Lead with a Story : A Guide to Crafting Business Narratives That Captivate, Convince, and Inspire
Overview - Storytelling has come of age in the business world. Today, many of the most successful companies use storytelling as a leadership tool. At Nike, all senior executives are designated -corporate storytellers.- 3M banned bullet points years ago and replaced them with a process of writing -strategic narratives.- Procter & Gamble hired Hollywood directors to teach its executives storytelling techniques. Read more...
More About Lead with a Story by Paul Smith
Storytelling has come of age in the business world. Today, many of the most successful companies use storytelling as a leadership tool. At Nike, all senior executives are designated -corporate storytellers.- 3M banned bullet points years ago and replaced them with a process of writing -strategic narratives.- Procter & Gamble hired Hollywood directors to teach its executives storytelling techniques. Some forward-thinking business schools have even added storytelling courses to their management curriculum. The reason for this is simple: Stories have the ability to engage an audience the way logic and bullet points alone never could. Whether you are trying to communicate a vision, sell an idea, or inspire commitment, storytelling is a powerful business tool that can mean the difference between mediocre results and phenomenal success. Lead with a Story
contains both ready-to-use stories and how-to guidance for readers looking to craft their own. Designed for a wide variety of business challenges, the book shows how narrative can help: - Define culture and values - Engender creativity and innovation - Foster collaboration and build relationships - Provide coaching and feedback - Lead change - And more Whether in a speech or a memo, communicated to one person or a thousand, storytelling is an essential skill for success. Complete with examples from companies like Kellogg's, Merrill-Lynch, Procter & Gamble, National Car Rental, Wal-Mart, Pizza Hut, and more, this practical resource gives readers the guidance they need to deliver stories to stunning effect.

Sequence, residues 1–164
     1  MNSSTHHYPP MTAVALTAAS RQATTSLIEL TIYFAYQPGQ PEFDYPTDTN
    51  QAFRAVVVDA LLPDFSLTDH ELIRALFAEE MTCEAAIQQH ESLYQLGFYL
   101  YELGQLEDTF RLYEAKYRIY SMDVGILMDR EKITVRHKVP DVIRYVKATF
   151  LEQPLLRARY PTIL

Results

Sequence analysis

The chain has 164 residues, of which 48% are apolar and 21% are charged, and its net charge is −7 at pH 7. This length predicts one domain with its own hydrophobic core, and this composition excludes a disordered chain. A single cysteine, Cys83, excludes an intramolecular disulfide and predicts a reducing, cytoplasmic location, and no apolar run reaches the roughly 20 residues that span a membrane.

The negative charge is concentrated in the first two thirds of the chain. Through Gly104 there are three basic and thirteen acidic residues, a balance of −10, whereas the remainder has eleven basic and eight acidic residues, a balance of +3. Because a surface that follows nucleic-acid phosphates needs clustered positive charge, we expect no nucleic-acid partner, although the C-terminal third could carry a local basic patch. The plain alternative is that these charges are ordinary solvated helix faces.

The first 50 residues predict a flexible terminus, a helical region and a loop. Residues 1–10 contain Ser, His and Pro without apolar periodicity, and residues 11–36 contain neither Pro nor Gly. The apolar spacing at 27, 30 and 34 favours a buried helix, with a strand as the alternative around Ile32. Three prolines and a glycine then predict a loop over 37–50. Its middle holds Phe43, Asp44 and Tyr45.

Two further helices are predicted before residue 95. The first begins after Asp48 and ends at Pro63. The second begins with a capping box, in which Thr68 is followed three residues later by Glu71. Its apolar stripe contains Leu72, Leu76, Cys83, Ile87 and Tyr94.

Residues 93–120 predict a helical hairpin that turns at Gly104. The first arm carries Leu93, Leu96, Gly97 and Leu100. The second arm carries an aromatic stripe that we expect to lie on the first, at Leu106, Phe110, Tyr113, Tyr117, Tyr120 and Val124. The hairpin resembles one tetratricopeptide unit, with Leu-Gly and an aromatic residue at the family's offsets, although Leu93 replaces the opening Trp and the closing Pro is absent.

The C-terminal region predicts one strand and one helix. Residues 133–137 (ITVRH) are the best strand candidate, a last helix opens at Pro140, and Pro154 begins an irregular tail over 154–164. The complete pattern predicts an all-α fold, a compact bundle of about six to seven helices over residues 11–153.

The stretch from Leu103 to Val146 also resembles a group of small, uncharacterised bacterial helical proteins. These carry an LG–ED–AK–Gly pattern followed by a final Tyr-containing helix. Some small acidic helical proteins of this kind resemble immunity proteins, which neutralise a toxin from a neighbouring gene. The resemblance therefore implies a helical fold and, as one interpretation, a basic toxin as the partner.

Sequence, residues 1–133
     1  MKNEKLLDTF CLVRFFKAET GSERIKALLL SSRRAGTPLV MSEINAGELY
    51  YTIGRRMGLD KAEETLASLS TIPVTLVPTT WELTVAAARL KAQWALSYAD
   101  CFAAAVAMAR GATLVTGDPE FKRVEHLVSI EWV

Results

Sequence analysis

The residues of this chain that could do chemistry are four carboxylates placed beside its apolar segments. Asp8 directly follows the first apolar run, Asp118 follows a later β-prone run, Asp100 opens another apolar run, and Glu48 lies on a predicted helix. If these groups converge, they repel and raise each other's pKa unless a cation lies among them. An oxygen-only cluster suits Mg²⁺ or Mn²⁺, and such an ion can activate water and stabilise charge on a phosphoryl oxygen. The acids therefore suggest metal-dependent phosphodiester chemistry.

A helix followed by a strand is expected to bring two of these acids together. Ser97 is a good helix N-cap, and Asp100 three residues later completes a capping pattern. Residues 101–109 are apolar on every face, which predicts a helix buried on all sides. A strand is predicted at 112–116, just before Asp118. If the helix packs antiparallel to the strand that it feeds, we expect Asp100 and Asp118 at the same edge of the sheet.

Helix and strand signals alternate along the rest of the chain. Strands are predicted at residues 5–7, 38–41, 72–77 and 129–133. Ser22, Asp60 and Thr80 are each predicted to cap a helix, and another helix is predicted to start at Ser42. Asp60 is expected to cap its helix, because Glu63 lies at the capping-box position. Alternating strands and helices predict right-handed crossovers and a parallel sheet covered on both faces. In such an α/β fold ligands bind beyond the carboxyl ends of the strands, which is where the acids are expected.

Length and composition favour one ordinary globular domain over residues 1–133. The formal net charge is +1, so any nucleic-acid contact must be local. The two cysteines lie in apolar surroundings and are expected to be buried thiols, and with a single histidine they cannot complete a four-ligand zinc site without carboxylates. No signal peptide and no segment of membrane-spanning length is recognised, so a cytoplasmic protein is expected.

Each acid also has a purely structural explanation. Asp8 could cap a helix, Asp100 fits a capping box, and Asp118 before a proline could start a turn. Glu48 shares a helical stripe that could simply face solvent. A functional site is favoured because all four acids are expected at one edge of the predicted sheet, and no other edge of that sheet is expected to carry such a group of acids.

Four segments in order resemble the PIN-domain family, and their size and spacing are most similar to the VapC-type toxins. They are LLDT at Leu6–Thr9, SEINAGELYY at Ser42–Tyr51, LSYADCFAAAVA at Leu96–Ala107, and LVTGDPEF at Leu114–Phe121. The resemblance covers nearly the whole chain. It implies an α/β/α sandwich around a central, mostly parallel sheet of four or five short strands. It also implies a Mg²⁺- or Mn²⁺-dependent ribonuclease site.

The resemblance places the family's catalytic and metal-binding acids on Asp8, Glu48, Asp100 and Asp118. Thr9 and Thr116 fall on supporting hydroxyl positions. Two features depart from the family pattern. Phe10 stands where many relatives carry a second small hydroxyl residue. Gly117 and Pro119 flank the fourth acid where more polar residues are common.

Publishers Weekly Reviews
Publishers Weekly® Reviews
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Smith, director of Consumer & Communications Research at Proctor & Gamble, offers a comprehensive collection of business lessons on the popular concept of storytelling in the workplace. Unfortunately, while this work is timely and filled with numerous entertaining “ready to tell” stories, it misses the mark by attempting to tackle too much under one cover. Smith has interviewed more than 75 individuals, addresses 21 leadership challenges (with multiple stories to help tackle each challenge), intersperses “how-to” chapters within sections arranged around leadership themes, reviews some structural frameworks, and includes summaries and exercises at the end of each chapter. The result is a dizzying and disjointed amount of information for the reader to absorb. Taken individually, the stories are useful and have impact, such as when GE’s Jack Welch gives his leaders a “reality check” or Morgan Stanley’s John Mack makes a point about time and money when scolding a trader for keeping a delivery boy waiting, but as a whole, the book is overly ambitious. Additionally, the disproportionate number of examples from P&G make the book feel like a prolonged homage to the company. Though the book will be valuable when taken in small chunks, by failing to keep it simple, Smith has violated one of the basic rules of storytelling. Agent: The Rudy Agency. (Aug.)